Just planning a meal with local sources will make you grateful for the gift of your community.

Tell us about your Thanksgiving plans!


Heather @ SGF said...

This is going to sound awful, but we try to hide. My family is a little over the top (I have stories that would make your head spin). We're talking about maybe going to my husband's best friend's house (Dallas), but we've been on and off sick so I don't know. We may hide in our house and turn off the phones and save our energy for the christmas party.

kale for sale said...

I prepared a local Tday dinner last year which made every dish a story of people and place but nothing got done in the order that it should. Instead we ate brussel sprouts followed by pumpkin pie and then went on to potatoes and somewhere after hours of small plates we had the turkey. There was so much laughter and the food was so real and good no one complained. In fact it was one of the best holidays ever.

Green Bean said...

I absolutely agree that environmentalism is deeply personal as well as policy driven. Making personal changes, in my mind, are the first steps that you can make and they will lead to a more meaningful, mindful life.

Sadly though - especially as Katrina's post made is sound so much fun - I've traveling to my parents' house and they are buying everything pre-made. A Whole Foods Thanksgiving. I doubt any of it will be local. For Christmas, though, we'll go nearly all local as that's how we eat most of the time.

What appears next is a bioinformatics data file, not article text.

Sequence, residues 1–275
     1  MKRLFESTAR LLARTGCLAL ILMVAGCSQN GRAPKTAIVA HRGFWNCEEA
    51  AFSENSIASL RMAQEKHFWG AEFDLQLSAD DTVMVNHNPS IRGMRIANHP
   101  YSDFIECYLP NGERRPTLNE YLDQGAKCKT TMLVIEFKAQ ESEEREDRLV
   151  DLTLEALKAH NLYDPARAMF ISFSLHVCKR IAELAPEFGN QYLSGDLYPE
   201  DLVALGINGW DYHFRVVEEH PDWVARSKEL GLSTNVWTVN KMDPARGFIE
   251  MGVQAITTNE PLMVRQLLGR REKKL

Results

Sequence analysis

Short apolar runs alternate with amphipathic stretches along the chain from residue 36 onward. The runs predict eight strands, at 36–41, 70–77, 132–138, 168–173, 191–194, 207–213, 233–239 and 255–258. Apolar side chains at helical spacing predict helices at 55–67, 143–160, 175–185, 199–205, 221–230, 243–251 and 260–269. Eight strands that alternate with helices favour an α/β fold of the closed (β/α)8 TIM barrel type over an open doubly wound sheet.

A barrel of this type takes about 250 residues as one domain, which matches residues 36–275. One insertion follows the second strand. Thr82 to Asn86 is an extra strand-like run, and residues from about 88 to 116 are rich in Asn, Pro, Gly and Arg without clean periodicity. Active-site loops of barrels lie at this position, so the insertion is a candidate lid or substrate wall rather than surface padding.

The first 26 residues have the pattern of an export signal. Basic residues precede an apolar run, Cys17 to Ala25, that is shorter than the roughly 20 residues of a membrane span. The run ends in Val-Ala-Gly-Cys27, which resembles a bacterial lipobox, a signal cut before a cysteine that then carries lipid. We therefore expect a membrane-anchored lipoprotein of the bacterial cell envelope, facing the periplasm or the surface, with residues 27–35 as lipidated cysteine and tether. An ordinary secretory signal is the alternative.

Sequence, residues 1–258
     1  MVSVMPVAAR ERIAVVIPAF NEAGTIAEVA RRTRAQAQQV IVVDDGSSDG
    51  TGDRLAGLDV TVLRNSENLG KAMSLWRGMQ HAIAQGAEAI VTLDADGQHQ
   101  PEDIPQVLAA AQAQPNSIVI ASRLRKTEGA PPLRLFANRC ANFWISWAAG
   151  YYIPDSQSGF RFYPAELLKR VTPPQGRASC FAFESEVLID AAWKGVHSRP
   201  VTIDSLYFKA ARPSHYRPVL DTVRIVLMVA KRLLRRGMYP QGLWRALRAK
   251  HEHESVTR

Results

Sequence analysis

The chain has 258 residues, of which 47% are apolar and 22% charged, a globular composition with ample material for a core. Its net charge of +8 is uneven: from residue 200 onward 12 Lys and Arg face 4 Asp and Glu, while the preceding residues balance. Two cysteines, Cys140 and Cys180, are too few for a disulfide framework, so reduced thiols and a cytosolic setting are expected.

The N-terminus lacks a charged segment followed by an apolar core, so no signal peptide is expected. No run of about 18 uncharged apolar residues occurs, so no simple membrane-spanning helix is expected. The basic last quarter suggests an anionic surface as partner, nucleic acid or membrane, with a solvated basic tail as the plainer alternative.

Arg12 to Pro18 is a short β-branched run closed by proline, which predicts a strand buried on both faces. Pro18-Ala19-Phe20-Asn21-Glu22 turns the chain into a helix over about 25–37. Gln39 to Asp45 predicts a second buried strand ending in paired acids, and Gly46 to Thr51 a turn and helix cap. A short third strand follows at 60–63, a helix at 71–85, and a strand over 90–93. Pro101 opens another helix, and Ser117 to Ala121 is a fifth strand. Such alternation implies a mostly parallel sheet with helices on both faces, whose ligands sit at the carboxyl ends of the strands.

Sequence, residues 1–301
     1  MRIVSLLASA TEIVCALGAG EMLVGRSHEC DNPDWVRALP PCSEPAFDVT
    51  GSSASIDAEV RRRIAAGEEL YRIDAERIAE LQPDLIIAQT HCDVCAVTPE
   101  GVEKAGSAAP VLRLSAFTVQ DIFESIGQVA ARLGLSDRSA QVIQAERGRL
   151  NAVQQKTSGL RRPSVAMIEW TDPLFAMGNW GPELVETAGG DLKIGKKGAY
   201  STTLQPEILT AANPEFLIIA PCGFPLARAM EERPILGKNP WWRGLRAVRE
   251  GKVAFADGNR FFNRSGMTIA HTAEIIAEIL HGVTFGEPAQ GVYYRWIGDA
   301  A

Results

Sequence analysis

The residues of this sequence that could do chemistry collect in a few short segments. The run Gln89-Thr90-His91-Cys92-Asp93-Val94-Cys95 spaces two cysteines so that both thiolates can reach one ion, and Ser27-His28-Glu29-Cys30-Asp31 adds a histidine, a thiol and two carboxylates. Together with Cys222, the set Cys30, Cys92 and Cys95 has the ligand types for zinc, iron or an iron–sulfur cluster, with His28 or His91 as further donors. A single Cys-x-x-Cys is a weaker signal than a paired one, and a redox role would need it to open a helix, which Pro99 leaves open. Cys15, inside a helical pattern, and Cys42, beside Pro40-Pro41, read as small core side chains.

Anonymous said...

I purchased a organic and local turkey, but I don't think I'm going to impress the inlaws with this on the table. (oh well) Luckily, cranberries are local here in Maine.

eco 'burban mom said...

I am actually out of town for work over Thanksgiving. Luckily, I am able to take my youngest son and my husband along. There won't be any festivites, however. We'll be in Paris, I'm pretty sure they aren't cooking a turkey on account of lil 'ol me. So, local will be a crepes from street vendors and wacky french food I try to force feed to a 4-year old. It should make for an interesting Thanksgiving meal!!

Heather @ SGF said...

eco 'burban mom - I LIKE your idea of Thanksgiving. I could totally make Paris a tradition :)

The Purloined Letter said...

I love all these great stories!

GB: I hope you don't think I was disagreeing with you about the fact public concerns are absolutely vital! Both public and private have to happen, and they have to be connected for the greatest change to happen.

I've been feeling frustrated at how little it matters whether I hang my bathroom wipes and dishtowels out to dry--but thinking about the link between what we do in our private homes, with our pens on these pages, and in government halls made me feel good, and strong. Thanks to all of you for always keeping me motivated.

Green Bean said...

Hannah, I know you are not disagreeing with me at all! This MUST be a combo of personal and policy-driven environmentalism.

eco 'burban mom said...

Heather - yeah, I'm afraid the 4-year old is going to expect Eiffel Towers and crepes every year, and I just won't be able to deliver on that one! Though, I'm with you. I buck the system on holiday traditions. Last year I was home and in charge of cooking and made a crab and corn chowder instead of turkey and fixings! I always feel like I'm running around and not enjoying my company. With a pot of chowder on the stove and guests bringing a loaf of crusty bread and a bottle of wine, I actually spent time with my guests and my kids for a change! Who knows what next year will bring???

Heather @ SGF said...

Next year? Rome :)

Now that you mention chowder, I haven't had corn chowder in so long and I love it. I'm going to have to can some corn next year so I can make some homemade. Sure does sound good. Do you have a favorite recipe?